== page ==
Retirement benefits provided by the Colorado Public Employees' Retirement Association, Denver, are cost efficient, said a report commissioned by the state's auditor that was released Monday.
Actuarial firm Gabriel, Roeder, Smith & Co. compared Colorado PERA's hybrid plan with other public- and private-sector retirement savings programs, including Social Security. PERA manages $47.7 billion in defined benefit and defined contribution assets.
The hybrid plan went into effect for employees hired on or after Jan. 1, 2011.
The report, one of three ordered by legislators last year, also found that moving newly hired state workers to an alternative plan will not eliminate the state's unfunded liability, and the state “must develop a plan to address” it.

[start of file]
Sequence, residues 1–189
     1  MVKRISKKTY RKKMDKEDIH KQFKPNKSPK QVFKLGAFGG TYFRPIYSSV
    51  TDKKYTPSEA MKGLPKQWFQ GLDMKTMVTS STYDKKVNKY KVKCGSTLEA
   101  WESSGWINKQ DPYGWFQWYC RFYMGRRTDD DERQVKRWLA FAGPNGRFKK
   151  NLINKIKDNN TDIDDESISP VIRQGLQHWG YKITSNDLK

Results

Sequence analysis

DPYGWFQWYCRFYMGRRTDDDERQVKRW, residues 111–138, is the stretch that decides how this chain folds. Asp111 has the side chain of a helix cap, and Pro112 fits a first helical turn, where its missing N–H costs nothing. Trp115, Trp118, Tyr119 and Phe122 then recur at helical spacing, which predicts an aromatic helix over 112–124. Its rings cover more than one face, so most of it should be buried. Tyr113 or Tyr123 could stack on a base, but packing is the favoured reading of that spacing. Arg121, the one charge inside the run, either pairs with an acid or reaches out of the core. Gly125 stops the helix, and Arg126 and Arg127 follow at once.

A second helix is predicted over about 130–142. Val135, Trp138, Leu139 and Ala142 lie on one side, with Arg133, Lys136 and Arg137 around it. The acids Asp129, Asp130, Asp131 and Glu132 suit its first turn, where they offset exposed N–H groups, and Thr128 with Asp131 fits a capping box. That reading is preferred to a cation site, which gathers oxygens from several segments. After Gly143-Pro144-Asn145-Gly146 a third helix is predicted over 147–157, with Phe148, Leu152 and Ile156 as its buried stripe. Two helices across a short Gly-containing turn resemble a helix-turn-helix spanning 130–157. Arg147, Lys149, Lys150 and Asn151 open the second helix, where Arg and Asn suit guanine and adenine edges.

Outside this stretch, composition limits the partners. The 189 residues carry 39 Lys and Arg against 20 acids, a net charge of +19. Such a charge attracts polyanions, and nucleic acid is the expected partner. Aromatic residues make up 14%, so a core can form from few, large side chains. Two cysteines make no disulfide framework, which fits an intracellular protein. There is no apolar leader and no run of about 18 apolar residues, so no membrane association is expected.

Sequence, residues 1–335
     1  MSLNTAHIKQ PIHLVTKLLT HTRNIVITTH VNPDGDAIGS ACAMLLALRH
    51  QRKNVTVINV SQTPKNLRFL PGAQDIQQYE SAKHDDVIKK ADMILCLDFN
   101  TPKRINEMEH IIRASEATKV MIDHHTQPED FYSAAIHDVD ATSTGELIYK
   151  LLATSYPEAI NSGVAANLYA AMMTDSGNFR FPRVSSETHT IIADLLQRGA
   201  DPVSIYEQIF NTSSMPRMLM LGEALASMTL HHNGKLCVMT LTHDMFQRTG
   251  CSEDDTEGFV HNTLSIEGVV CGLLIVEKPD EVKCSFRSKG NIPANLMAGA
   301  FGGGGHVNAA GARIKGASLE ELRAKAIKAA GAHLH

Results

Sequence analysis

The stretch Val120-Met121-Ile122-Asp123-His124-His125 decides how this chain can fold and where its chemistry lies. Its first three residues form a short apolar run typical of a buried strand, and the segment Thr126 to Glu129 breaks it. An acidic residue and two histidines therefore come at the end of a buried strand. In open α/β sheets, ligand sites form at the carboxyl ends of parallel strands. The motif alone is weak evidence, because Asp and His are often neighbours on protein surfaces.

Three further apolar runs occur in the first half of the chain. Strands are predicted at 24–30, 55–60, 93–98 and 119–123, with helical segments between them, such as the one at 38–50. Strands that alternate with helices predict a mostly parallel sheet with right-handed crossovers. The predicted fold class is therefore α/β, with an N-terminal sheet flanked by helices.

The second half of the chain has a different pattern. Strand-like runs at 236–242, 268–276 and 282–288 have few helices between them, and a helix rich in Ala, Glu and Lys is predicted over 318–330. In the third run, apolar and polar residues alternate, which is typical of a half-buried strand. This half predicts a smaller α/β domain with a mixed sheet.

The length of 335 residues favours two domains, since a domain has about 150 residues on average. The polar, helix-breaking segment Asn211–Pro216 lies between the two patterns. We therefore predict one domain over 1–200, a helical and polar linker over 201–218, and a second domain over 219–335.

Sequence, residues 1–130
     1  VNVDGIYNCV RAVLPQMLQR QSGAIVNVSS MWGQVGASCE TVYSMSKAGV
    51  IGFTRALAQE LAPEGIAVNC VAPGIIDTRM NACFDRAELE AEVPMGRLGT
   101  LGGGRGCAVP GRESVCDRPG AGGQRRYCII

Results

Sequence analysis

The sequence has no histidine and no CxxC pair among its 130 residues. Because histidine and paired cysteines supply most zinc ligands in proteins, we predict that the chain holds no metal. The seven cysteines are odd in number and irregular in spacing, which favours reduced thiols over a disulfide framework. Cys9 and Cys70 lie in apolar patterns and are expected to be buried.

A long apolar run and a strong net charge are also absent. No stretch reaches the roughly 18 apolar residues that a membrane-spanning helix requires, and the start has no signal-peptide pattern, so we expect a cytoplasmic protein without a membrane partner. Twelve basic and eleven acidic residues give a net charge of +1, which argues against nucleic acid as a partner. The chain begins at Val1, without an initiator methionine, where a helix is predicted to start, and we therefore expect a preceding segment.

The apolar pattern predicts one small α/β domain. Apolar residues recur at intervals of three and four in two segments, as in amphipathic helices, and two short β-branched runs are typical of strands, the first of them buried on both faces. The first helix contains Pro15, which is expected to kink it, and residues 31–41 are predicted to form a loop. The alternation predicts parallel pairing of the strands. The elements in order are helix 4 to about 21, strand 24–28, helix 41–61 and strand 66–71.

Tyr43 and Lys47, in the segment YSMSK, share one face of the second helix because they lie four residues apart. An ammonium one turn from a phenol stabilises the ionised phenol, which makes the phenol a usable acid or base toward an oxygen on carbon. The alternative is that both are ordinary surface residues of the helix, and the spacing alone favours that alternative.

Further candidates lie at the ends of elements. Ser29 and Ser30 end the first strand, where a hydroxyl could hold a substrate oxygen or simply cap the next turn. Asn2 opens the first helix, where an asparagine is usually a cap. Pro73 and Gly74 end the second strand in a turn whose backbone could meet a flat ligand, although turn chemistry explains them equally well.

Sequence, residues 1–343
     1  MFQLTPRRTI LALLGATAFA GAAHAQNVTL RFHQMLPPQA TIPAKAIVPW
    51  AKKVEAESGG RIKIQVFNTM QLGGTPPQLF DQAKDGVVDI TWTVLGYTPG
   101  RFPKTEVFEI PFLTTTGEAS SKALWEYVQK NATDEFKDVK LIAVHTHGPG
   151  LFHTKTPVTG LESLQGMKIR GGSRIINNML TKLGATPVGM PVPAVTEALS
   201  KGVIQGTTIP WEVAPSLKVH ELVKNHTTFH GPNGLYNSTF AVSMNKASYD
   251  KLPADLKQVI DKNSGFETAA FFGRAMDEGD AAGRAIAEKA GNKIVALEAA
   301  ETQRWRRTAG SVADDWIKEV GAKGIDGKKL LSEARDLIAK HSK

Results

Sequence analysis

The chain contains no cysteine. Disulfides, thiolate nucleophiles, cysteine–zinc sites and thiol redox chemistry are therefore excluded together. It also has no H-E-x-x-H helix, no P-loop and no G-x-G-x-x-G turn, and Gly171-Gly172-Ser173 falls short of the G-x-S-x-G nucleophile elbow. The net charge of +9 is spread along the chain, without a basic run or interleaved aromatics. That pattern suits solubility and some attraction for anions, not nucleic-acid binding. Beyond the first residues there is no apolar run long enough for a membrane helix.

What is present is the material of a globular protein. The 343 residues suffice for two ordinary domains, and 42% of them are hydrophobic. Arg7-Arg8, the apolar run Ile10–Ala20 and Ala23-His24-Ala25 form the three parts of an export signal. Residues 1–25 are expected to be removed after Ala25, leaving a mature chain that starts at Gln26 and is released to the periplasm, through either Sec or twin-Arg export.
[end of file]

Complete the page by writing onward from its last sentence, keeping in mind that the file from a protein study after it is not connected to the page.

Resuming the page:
The first mandated study surveyed employee compensation and benefits and found Colorado to be in line with other public- and private-sector employees. A third independent study that will be released this fall is looking at PERA's actuarial assumptions and attempts to reach full funding.
The study is available on the state auditor's website.